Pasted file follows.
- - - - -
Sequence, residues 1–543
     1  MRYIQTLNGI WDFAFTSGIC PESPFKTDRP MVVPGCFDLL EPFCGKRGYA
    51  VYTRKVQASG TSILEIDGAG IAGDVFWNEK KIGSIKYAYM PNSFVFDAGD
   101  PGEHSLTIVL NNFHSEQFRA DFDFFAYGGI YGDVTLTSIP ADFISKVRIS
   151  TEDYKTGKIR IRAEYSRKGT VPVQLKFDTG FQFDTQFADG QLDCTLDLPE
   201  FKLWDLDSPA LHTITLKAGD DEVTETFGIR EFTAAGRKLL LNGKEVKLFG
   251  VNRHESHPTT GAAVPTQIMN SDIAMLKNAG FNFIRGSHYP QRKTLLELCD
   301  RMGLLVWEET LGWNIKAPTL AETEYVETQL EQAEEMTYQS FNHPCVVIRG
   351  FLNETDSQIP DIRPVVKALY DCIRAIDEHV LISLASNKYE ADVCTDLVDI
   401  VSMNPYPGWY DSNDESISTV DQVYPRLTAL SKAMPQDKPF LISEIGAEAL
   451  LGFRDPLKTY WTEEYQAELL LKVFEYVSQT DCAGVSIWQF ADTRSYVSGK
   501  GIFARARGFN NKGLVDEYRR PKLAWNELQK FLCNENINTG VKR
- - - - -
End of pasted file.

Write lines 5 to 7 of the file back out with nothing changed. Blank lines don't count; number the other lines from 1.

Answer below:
   151  TEDYKTGKIR IRAEYSRKGT VPVQLKFDTG FQFDTQFADG QLDCTLDLPE
   201  FKLWDLDSPA LHTITLKAGD DEVTETFGIR EFTAAGRKLL LNGKEVKLFG
   251  VNRHESHPTT GAAVPTQIMN SDIAMLKNAG FNFIRGSHYP QRKTLLELCD